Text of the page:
(H)  Aggregation Planning: Aggregation is carried out by a company to determine the levels of pricing, capacity, production, outsourcing, inventory, etc. during a specified period. Aggregation planning helps in consolidation of the internal and external stock keeping units (SKUs) within the decision and strategic framework for reducing costs, meeting demands and maximising profits. It may be viewed as the next step of either demand forecasting (push strategy) or demand information accumulation (pull strategy) for carrying out estimations of the inventory level, internal capacity levels, outsourced capacity levels, workforce levels, and production levels required in a specified time period. The students may like to conduct qualitative case studies to research about modern practices of aggregation planning in various industrial and retail sectors.

(I)   Global Supply Chains: In the modern world, suppliers in a country are facing direct competition from international suppliers as if the latter are operating within the country. This has happened due to modernization of information management and dissemination, supply routes, payment channels, electronic contracts, leading to improved reliability and reduced lead times of international suppliers. The students may like to undertake study on monitoring and management of global supply chains/networking by professionals working in MNCs.

(J)   E-Supply Chains: E-Supply Chains are linked with E-Businesses that use Internet as their medium for accepting orders and payments, and then using the physical channels to deliver the products. E-supply chain is an excellent example of pull strategy and short term demand forecasting. Information flow across the supply chain is instantaneous because both end points and the intermediate agents work through a single Internet enabled portal. E-Bay is viewed as one of the founders of this concept at global scales with built-in electronic contract signing and management, electronic payment processing, and electronic delivery processing. The students can find various case studies on E-Supply chains, although the empirical theories are still evolving. The research studies would be quite challenging, modern and unique, but poorly supported by literatures as the field is still evolving.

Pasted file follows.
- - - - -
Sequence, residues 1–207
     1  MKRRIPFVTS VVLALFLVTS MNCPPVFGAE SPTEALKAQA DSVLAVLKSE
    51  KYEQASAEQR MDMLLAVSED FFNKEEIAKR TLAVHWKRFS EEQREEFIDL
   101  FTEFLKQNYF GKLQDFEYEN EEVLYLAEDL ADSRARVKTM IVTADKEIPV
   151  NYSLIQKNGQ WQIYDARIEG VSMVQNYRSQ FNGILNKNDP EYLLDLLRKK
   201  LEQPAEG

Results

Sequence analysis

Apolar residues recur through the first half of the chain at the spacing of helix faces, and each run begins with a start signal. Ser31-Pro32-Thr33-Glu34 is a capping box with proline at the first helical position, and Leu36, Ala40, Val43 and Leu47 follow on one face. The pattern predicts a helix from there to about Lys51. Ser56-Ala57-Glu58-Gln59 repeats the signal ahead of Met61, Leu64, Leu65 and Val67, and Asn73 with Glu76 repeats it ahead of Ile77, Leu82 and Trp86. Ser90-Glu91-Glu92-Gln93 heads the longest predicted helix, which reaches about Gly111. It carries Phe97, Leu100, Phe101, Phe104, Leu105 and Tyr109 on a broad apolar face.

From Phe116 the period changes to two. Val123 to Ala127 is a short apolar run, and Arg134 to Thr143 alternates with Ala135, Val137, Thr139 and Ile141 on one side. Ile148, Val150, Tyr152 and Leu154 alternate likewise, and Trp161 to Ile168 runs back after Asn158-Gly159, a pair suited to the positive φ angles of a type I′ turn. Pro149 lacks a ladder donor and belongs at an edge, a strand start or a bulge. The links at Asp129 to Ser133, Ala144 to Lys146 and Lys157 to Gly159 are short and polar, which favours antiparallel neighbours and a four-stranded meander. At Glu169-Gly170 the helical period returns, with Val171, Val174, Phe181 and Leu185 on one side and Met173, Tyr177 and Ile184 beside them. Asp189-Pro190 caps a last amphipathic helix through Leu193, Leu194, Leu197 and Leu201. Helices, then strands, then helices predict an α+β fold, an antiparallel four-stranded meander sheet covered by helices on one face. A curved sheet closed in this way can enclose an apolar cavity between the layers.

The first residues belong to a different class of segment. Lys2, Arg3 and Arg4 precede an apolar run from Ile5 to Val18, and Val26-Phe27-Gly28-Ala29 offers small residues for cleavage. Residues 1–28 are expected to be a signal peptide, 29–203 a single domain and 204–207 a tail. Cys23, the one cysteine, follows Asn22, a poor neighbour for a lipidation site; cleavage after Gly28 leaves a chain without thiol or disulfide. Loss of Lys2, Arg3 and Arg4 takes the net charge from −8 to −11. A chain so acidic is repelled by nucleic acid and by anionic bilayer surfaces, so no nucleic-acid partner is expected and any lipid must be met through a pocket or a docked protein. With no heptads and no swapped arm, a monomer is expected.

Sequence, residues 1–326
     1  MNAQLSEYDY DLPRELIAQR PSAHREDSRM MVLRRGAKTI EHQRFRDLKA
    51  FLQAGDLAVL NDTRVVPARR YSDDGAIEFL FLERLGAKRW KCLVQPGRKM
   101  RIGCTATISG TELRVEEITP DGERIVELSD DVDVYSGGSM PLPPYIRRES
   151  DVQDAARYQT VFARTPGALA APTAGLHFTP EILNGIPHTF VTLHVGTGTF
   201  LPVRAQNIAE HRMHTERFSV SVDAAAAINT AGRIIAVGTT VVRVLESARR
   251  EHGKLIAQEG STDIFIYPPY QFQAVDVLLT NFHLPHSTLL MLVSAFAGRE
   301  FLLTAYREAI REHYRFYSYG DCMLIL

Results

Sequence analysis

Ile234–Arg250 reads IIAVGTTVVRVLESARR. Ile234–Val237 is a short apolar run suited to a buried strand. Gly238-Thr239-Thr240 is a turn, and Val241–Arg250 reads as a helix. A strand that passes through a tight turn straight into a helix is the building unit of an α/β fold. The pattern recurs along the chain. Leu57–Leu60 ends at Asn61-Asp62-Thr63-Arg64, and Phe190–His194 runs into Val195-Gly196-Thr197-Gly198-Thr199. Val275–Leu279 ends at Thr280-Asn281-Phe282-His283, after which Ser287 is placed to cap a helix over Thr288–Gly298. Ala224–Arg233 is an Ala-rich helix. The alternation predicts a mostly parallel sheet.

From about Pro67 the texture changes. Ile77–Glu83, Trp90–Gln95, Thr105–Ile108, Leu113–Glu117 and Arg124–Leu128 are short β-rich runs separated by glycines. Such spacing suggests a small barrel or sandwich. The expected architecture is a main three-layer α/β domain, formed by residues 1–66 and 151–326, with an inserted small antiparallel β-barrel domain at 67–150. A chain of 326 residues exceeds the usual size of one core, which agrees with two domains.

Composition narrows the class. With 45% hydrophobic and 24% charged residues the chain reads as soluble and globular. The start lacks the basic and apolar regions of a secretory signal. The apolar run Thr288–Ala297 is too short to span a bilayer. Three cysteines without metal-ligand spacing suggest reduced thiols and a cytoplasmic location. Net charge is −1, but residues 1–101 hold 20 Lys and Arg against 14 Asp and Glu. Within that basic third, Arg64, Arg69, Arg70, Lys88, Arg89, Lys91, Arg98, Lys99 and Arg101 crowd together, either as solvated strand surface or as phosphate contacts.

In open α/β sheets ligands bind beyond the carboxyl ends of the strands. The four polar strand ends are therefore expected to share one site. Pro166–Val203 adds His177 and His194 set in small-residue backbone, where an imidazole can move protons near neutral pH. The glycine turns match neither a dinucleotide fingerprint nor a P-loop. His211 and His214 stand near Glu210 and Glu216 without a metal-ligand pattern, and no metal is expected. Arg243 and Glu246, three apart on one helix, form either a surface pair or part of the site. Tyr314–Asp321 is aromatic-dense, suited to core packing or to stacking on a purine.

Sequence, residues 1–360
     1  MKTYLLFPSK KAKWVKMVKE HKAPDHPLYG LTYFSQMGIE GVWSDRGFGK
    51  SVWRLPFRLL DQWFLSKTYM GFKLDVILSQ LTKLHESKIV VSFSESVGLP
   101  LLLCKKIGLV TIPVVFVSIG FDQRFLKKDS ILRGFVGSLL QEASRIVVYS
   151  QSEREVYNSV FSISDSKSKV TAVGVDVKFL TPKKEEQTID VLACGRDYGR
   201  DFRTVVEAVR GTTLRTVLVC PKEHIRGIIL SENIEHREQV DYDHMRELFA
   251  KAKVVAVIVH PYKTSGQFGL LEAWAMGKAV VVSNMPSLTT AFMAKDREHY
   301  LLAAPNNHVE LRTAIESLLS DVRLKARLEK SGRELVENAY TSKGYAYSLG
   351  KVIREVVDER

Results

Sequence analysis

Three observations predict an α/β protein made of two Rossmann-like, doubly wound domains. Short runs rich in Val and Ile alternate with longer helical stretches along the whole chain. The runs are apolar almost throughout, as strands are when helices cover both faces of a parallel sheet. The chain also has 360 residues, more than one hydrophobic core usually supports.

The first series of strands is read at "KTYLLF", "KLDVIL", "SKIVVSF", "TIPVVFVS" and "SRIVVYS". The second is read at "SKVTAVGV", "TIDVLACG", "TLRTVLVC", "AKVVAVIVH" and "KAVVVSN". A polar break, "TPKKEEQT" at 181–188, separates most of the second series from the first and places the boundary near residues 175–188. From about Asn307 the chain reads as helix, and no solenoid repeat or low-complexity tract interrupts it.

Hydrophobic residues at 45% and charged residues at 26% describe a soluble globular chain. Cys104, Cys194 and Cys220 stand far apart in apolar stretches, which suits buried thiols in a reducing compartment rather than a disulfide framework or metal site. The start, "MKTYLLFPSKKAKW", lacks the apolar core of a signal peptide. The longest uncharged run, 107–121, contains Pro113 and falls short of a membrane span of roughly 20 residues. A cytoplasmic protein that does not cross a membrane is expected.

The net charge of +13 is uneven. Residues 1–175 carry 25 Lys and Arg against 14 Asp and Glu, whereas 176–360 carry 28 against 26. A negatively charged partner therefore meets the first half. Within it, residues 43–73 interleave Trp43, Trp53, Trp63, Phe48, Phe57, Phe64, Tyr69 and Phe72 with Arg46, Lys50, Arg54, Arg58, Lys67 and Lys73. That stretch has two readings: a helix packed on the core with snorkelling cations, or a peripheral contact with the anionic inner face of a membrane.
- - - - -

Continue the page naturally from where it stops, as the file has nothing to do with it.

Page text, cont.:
(K)  Supply Chain Risk Management: Supply chain risk management is gaining immense popularity due to globalization of competitive landscapes, and growing threats and uncertainty. Risk management in supply chains is directly linked with supply chain agility and hence it needs to be done in very organized and objective manner, incorporating quantitative models. Supply chain risk management is a novel dissertation/thesis research area based on the known and teething current problems in logistics/supply chain management. The root of the problems lie somewhere in the uncertainties in upstream as well as downstream flows of materials, funds, and information. For example, if there are errors in calculating economic order quantities (EOQ) and reorder levels, the ordering process may not synchronize well with the lead-times. On the other hand, the lead-times are uncertain due to various delay factors and fluctuation in costs if a transportation mode is changed. Holding inventory is the safest haven for logistics managers, but I am sure the top management of any organisation will never like it. The primary purpose of this subject matter is to keep lowest possible inventories while ensuring consistent, timely, and accurate supplies to the end users. The challenges are in the following areas:

(a) Lack of integration/synchronization/co-ordination
(b) Lack of appropriate quantitative models
(c) Lack of integrated information availability, even if the quantitative models are in place (i.e., the company has invested in SCM software tools)

The solution is somewhere in implementing an appropriate supply chain risk communication system. You will appreciate, supply chain risk is also a floating entity just like materials, funds and information. If the entire chain is integrated through an extranet portal system, and updates of every consignment code are uploaded periodically by all agents connected with the portal, there can be proactive risks generated by the software for the logistics managers such that they can take operating level, tactical level, and even strategic level mitigation actions. Although such a system is still in its conceptual stage, academic researchers can contribute to its overall conceptualisation and design. It may be integrated as a layer above the traditional SCM software. An agent sensing any variations in delay or cost may log a threat and its probability against a consignment code. The probability and impact levels may be fed to the logistics agents that can calculate the impact (like stock-out by a date). The outcome will be a risk value which will be escalated to an appropriate authority level, and appropriate mitigation action will be suggested. For example, if there is a temporary unrest in a country, the current consignments can be airlifted and subsequent orders placed to an alternate supplier.